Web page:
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11/8/02 - RAMADAN BEGINS FOR MUSLIMS - 2002-11-08

Around the world, more than one-billion Muslims have begun their observance of the holy month of Ramadan. This includes millions of Muslims in the United States. “These proud citizens,” said President George W. Bush, “contribute to the diversity that makes our country strong.” In a message to Muslims, President Bush said the U.S. “is grateful for the friendship and support of many Muslim nations that are vital partners in the global coalition to fight against terrorism.”

Ramadan is a time for fasting, prayer, worship, and contemplation. Muslims observe this month by renewing their dedication to caring for those in need, doing good deeds, and strengthening family and community ties. These actions reflect many of the values that Muslims share with people of other faiths across the U.S. and around the world, including courage, compassion, and service.

Many people outside the U.S. are unaware of how widespread religious belief is in America. According to a recent report, some one-hundred-forty million people, or over half of all Americans, are involved with a church, synagogue, mosque, or temple. Christianity has the most adherents in the U.S., but other faiths are also well represented, including Islam. Indeed, Islam is one of the fastest-growing religions in the U.S. today, with more than one-thousand two-hundred mosques and four-hundred Islamic schools.

America’s respect for all religions is a result of its longstanding commitment to religious freedom. Centuries ago, the first American settlements were established by people fleeing religious persecution in their homeland. As the U.S. developed into a unified yet diverse country, said President Bush, the practice of tolerance became “a command of faith” for millions of people.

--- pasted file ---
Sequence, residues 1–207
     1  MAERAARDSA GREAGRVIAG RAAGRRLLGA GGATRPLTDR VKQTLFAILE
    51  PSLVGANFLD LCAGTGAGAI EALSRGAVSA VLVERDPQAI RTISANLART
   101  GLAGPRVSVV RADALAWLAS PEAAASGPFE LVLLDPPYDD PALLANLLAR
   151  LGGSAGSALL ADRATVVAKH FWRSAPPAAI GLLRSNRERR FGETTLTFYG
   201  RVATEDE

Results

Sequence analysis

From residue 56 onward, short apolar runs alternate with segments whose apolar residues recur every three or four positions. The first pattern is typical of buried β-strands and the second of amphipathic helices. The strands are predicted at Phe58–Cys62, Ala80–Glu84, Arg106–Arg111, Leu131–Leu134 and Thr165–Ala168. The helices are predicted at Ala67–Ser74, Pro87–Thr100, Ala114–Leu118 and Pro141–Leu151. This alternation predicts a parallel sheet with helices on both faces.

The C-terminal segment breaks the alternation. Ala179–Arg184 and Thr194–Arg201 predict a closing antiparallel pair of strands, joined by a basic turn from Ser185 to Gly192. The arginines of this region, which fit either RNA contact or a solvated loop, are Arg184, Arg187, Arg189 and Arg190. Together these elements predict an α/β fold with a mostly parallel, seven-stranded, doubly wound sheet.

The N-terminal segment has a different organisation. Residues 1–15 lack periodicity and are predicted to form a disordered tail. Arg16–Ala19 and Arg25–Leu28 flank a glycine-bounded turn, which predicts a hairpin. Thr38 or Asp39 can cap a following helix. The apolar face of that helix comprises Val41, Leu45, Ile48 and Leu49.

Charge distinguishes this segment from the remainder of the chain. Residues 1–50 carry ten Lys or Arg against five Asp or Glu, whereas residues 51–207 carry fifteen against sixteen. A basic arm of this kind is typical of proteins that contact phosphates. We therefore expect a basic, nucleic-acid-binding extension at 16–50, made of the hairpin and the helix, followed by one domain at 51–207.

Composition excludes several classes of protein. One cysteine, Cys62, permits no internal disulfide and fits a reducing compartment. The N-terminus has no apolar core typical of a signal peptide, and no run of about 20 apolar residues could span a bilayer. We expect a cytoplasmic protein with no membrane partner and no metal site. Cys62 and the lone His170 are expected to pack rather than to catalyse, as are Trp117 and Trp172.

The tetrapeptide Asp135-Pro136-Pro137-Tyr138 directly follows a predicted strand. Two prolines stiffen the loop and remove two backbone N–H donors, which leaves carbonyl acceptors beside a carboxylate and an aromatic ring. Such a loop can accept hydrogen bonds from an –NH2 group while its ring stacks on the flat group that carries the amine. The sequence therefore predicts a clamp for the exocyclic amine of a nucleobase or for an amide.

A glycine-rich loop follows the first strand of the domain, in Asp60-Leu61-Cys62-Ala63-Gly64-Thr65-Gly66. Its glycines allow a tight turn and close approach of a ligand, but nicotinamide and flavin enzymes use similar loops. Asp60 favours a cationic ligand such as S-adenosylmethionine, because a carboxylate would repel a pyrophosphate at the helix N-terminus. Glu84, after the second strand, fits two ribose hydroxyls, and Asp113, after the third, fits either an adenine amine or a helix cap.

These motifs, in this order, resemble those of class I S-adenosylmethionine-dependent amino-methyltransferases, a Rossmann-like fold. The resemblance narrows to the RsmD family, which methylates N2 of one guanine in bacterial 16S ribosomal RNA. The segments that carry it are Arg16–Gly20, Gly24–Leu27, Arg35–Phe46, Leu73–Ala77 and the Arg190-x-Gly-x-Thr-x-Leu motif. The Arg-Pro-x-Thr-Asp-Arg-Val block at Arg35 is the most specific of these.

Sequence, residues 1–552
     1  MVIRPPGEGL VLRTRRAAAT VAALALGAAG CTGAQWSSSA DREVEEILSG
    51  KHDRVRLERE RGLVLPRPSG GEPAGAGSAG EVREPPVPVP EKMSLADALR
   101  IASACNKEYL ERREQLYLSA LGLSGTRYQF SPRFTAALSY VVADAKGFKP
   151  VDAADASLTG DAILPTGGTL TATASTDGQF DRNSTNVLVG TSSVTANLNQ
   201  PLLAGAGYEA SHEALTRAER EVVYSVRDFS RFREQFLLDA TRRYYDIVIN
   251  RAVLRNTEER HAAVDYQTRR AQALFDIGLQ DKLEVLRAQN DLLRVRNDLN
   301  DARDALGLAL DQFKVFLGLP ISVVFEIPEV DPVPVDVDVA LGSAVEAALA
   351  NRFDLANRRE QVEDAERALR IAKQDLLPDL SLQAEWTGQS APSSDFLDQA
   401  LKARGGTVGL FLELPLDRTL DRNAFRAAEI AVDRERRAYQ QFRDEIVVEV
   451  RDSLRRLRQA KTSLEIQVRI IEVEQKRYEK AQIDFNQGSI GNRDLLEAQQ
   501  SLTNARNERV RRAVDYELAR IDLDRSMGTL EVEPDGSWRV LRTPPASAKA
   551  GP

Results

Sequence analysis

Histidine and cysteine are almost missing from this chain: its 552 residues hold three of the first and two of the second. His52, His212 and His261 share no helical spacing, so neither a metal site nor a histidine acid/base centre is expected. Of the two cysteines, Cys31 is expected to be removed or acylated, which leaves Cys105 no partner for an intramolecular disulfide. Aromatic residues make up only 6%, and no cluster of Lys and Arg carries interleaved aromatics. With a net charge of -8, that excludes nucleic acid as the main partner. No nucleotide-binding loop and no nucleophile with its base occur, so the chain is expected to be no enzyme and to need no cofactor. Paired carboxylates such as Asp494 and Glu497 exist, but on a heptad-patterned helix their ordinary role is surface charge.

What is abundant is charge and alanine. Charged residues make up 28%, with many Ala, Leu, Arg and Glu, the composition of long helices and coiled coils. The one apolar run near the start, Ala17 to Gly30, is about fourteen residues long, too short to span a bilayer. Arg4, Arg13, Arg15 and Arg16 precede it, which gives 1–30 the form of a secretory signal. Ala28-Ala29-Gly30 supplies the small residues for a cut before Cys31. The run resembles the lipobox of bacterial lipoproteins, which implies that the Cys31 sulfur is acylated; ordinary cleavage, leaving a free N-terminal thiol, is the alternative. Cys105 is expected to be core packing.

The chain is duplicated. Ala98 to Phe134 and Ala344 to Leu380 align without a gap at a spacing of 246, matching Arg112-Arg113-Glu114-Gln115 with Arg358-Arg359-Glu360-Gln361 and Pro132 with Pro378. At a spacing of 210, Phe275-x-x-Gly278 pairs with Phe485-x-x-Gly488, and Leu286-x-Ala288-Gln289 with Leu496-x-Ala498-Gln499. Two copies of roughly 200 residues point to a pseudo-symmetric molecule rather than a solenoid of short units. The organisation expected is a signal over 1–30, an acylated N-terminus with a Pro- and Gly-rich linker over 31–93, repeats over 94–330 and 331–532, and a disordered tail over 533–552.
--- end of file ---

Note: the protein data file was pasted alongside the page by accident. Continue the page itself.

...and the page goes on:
Religious freedom has been essential to the protection of other basic rights in the U.S., as well as the growth of democracy. For a government that protects freedom of religion and conscience is one that understands the inherent dignity of every human being. And such a government is far more likely to protect, through the rule of law, the other rights fundamental to human dignity. These include freedom of expression, association, and assembly.

As President Bush said in his Ramadan message, “America remains committed to freedom, justice, and opportunity for all people. During this season of reverence and examination, we continue to work together for a future of peace, tolerance, and understanding.”